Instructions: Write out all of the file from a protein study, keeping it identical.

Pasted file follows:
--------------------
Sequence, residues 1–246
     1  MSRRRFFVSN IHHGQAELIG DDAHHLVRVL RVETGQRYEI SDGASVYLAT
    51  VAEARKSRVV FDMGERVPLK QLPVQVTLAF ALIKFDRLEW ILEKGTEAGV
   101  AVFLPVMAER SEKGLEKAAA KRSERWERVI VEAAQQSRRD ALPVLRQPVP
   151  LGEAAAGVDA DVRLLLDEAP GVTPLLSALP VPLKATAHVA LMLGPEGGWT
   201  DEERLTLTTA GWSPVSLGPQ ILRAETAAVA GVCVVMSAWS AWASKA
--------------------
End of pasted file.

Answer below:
Sequence, residues 1–246
     1  MSRRRFFVSN IHHGQAELIG DDAHHLVRVL RVETGQRYEI SDGASVYLAT
    51  VAEARKSRVV FDMGERVPLK QLPVQVTLAF ALIKFDRLEW ILEKGTEAGV
   101  AVFLPVMAER SEKGLEKAAA KRSERWERVI VEAAQQSRRD ALPVLRQPVP
   151  LGEAAAGVDA DVRLLLDEAP GVTPLLSALP VPLKATAHVA LMLGPEGGWT
   201  DEERLTLTTA GWSPVSLGPQ ILRAETAAVA GVCVVMSAWS AWASKA